hen a dog behaves unnaturally in response to any neurotic, chaotic, or disruptive energy taken on from humans, he tends to look confused because he has nowhere to put the energy that is reverberating within him. He doesn’t really know why he is acting out, nor does his behavior make the least bit of sense to him.
This is not to say each animal doesn’t have unique personality traits or actions that appear to be very human-like. Again, as a human companion, you recognize your dog’s uniqueness daily. The important thing, and part of what my job entails, is to discern whether the energy around your dog’s behavior gives him joy and comfort, or confusion.
For example, a companion might say, :I don’t know why my dog scratches her face until it bleeds. We know she doesn’t have any allergies, and we have taken her to the vet all too often to inquire about this.” It bothers the dog companion when the animal’s display is puzzling. That’s when the animal is showing you that some sort of toxic energy has taken over, and the energy has been in the works, churning and churning over a certain amount of time. The dog is confused and in misery over it. So the initial reaction by the companion is to see if someone can fix it.
Identify the Problem
By all means I encourage a trip to your veterinarian for any sickness or for any symptom that needs to be checked. I am not suggesting that all unnatural behavior is only energy-related and shouldn’t be under the care of a qualified professional veterinarian. What I am suggesting is that no matter what may ail the animal, even one that is being treated medically, the condition is often easier for the animal to bear if we also remove the disruptive energy that could have contributed to it.
I am sure there are many animal companions reading this who are thinking back to certain moments they had with their dogs, cats, or other pets—when they were first told by the animal that the animal was being pushed out of their natural state. The animal looked to the human companions to listen in order to connect. It’s important to note that we cannot over analyze or get technical here about how we understand if our animal has moved out of its natural state. That’s just not going to work.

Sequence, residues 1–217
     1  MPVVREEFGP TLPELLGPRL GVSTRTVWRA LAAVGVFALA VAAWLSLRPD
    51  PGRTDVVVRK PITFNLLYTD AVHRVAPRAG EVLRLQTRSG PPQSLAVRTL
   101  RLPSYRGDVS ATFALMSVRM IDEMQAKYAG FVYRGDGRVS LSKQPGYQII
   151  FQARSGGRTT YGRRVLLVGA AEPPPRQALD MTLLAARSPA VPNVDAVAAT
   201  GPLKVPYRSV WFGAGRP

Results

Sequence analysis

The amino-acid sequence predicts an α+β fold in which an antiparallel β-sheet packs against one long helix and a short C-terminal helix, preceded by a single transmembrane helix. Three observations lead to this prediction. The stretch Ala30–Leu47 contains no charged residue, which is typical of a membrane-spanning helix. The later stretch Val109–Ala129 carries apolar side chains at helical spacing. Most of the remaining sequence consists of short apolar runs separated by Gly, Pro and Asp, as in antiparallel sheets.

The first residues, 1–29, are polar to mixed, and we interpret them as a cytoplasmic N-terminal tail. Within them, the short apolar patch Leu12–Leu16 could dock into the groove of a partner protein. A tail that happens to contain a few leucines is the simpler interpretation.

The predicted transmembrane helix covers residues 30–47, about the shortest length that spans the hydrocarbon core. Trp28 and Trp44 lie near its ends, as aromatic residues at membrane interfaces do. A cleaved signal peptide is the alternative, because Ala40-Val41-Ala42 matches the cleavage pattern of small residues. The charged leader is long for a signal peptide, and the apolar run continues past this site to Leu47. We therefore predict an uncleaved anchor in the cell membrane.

When one asks me how I know when an animal, in this case a dog, moves out of its natural state, I will always ask this: “How aware are you of yourself when you move out of your natural state?” It is often so easy for the human being to say, “I am just not feeling myself the last few days.” You notice that your energy level is low, perhaps you are acting in ways you don’t normally act, and that is confusing you. That is easy to identify, right? You want to give the time to be aware of yourself.
Being Aware Is the Key
In this case, being aware is your key to being aware of when your dog moves out of its natural state. It takes just a few extra moments to really notice that your dog has veered into a space that seems perplexing or out of the ordinary, no matter what the change is. Dogs do not sway in and out of a natural state effortlessly, as humans do. Therefore, it is easier to see if your dog has in any way started to act erratically if you are connected to your animal. It is no different than when you notice that your own energy is different.
Here’s an example. Your temperament has changed due to everyday stress, or a large workload, or anything that might throw you off kilter, and you never do anything about it. You just give the excuse, “It’s a tough week, and I’m a little out of sorts.” I will guarantee you that your animal will feel that change in energy. You will notice that he may be a little more highly activated when you come home (or, in the same condition as you are).
If your animal is a dog, he may take on one or two new little tendencies that you have not noticed before (such as behaving more aggressively, being more destructive, getting into the trash, or chewing household items excessively). All of this is general mischievous destructive behavior that is annoying to a human and which you cannot help but notice.
What Is Wrong with My Dog?
Now, if this is not “usual behavior” for the animal, the first finger of blame points to the dog. “What is wrong with my dog?” you say. In response to that, your erratic behavior, your change of schedule, and how you are handling the stresses in your life are affecting your dog’s natural state—which is unobstructed and certainly not erratic.
I will say this: now is not the time to beat yourself up over this. Do not let your mind run through all the times you may have neglected your animal or may have been living in a selfish, neglectful time of your life. “Why didn’t I see that or feel that?”
This is another wonderful lesson that animals teach us: to not beat yourself up over anything or go back to the past. The past is the past, nothing more. Animals do remember things, smells, and feelings, but that doesn’t hinder their progress to move forward and own the moment.
Copyright 2013 by Jocelyn Kessler. All Rights Reserved.
Reprinted with permission of Hampton Roads Publishing Co.
Dist by Red Wheel Weiser, www.redwheelweiser.com
The Secret Language of Dogs: Stories From a Dog Psychic
by Jocelyn Kessler.
About the Author
Jocelyn Kessler lives in Los Angeles and works both in California and New York with animals and their owners, including many high profile individuals. Part of her mission is to improve and ease the transition of all animals into a life of safety by increasing the awareness of their physical and spiritual needs. Her website is www.jocelynkessler.com.
View a video of Jocelyn working with a dog that has epilepsy: Humans and Their Animals: Delegating The Energy of The Mind.